The gap between the richest and the rest of us is less of a gap, more an interplanetary divide. Executive pay, in particular, has reached dizzying heights, stretching far away from the salaries of the mere mortals they employ.
Research published today by the High Pay Centre shows just how vast this chasm is. On average, FTSE 100 chief executives now receive almost £5m a year - or, put another way, 183 times the average salary. It would take someone on the minimum wage more than 400 years to earn what a top boss takes away in just 12 months.
Most of us recognise the absurdity of such extreme inequality. But some continue to argue that high pay is simply a result of well-functioning markets, where the brightest and the best are fairly rewarded for their talents.
One argument in support of big figure pay packets is rise of the 'super-managers': supremely talented people with specific, rare and highly sought after skills, who provide high levels of productivity above and beyond the rest of us. If it all sounds a bit like science fiction, that's because it is pure fantasy.
Many (perhaps most) chief executives are well educated, hard working and highly capable. But the reality is that it's almost impossible to measure their value. The easiest way to do so would be to measure one person's performance against another in a similar role - but given that executive positions often differ dramatically, this is very hard to do.
In most cases, companies have no real idea of the value of their top team. Martin Sorrell, the head of WPP, saw his pay increase from £30m to £43m last year. That’s almost twice that of the next highest earning CEO, and almost four times the pay of WPP’s next highest paid director in the UK. Is he really worth £20m more than any other UK chief executive, or £30m more to WPP than any other employee? Was he really £13m less useful in 2013 than he proved to be last year?
In fact, it's questionable whether all chief executives even reached their positions on merit. Someone with a private school education is now almost four times more likely to become a FTSE 350 boss than the rest of us. That sounds more like a caste system than a meritocracy to me.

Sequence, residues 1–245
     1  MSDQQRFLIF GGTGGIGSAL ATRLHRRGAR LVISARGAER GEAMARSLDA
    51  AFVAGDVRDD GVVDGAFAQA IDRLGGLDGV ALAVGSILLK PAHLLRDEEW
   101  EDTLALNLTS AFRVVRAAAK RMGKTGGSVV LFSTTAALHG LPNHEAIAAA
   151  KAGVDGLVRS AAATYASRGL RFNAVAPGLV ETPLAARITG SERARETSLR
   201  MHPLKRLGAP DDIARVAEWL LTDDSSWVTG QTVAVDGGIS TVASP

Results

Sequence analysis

Executive pay is just the tip of a very large iceberg. The UK is now one of the most unequal countries in the developed world, and our economy is hopelessly unbalanced. You simply cannot have a strong, stable and efficient economy when pay and resources are so unevenly distributed. Or when those at the top are treated as ‘talent’ while the rest of us are a cost to be reduced.
Most of us appreciate that hard work should be rewarded and that staff should get their just rewards. But how many of us would agree that one chief executive is worth 183 nurses, or 127 police officers?
Income and pay inequality is a serious threat to economic prosperity and social cohesion. If we want to pass something better down to future generations, it’s time we tackled it head on.
FTSE 100: Female bosses
FTSE 100: Female bosses
1/5 Véronique Laury, Kingfisher
The Castorama chief executive will take over the reigns at Kingfisher in January.
2/5 Alison Cooper, Imperial Tobacco
Cooper joined Imperial Tobacco in 1999, rising through the ranks until she was appointed chief executive in 2010. The 48-year-old Bristol graduate likes to sing in her spare time.
3/5 Carolyn McCall, easyJet
The former chief executive of Guardian Media Group plc joined the budget carrier's board in 2010. In January 2014, Prime Minister David Cameron appointed her as a UK Business Ambassador.
Valery Hache/AFP/Getty Images
4/5 Moya Greene, Royal Mail
The Canadian was the first non-British chief executive at Royal Mail. A former civil servant, she was named Financial Times Person of the Year in 2014.
5/5 Liv Garfield, Severn Trent
At 39 the Cambridge graduate became the FTSE's youngest female boss when she joined the board in April.